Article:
RCI began testing fuel cell technology on an existing Oasis-class ship in 2017, and will also run progressively larger fuel cell projects on new Quantum-class vessels.

(Play within Youtube for larger images/text)

200,000 gt should give RCI plenty of room for innovative public rooms and facillities.

In contrast, the ‘Quantum’ class is  approximately 168,00 gt., carrying 4,905 passengers – all berths. The Oasis class is around 227,000 gt carrying 6, 780 – all berths. Icon will sit in-between the two, in terms of gross tonnage.

However, the arrival of these new ships may well see the departure of  RCI’s older tonnage.

Majesty has now been in the fleet for 26 years, Grandeur 22 years, Enchantment and Rhapsody 21 years and Vision 20 years. Although the life expectancy of a cruise ship can be 30+ years, in 4-6 years time, when the ‘Icons’ arrive, RCI’s older tonnage will look even smaller and even more dated.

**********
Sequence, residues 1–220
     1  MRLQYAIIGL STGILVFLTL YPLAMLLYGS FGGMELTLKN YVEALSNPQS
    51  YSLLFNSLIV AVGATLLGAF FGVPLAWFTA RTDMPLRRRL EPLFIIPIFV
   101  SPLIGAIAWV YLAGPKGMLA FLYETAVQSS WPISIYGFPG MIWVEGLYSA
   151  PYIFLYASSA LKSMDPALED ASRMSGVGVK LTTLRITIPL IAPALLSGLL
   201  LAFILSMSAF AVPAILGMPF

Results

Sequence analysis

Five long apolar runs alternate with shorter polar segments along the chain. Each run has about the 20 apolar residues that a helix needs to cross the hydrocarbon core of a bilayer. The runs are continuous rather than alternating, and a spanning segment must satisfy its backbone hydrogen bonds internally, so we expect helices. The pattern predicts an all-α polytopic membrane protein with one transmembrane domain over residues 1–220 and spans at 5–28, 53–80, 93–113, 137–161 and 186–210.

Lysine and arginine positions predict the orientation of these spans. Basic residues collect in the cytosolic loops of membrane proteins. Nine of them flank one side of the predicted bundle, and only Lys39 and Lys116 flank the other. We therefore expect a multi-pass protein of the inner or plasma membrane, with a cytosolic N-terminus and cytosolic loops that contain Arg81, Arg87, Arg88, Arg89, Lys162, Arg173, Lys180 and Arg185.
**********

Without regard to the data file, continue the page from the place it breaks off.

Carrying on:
So what is an LNG powered Ship? See Here

Update – The RCI unofficial blog says: The final concept for the first (Icon) vessel is currently being discussed, and the concept design phase is expected to start this spring. The initial building phase of the first ship will begin next year, with keel laying planned for October 2019.

Royal Caribbean Welcomes World’s Largest Cruise Ship

March 26, 2018

(Courtesy RCI)





Little and Large

Titanic v The Oasis Class: HERE

Massive Expansion of RCI’s CocoCay

March 20, 2018


Royal Caribbean have recently announced that here will be a $200 million transformation of their private island of CocoCay, in the Bahamas.

Highlights include: Thrill Waterpark, Oasis Lagoon, A 1,600-foot zip line, a helium balloon, two specially designed beaches and the exclusive Coco Beach Club, The island transformation will roll out in phases beginning September 2018 until November 2019.


My Worst Cruise Meal Ever!

January 29, 2018

I had my worst cruise meal ever on-board Royal Caribbean’s ‘Anthem Of The Seas’ in 2015, when she had just entered service.

Read on:

Wonderland (Speciality Dining)

(Courtesy RCI)

Wonderland is an intimate dining room which carried a surcharge of £26.50 ($40 approx.) per person at the time. The room has a charming whimsical design.

The food was created by chef is Cornelius Gallagher and the best way I can describe it, is it was like Heston Blumenthal in style.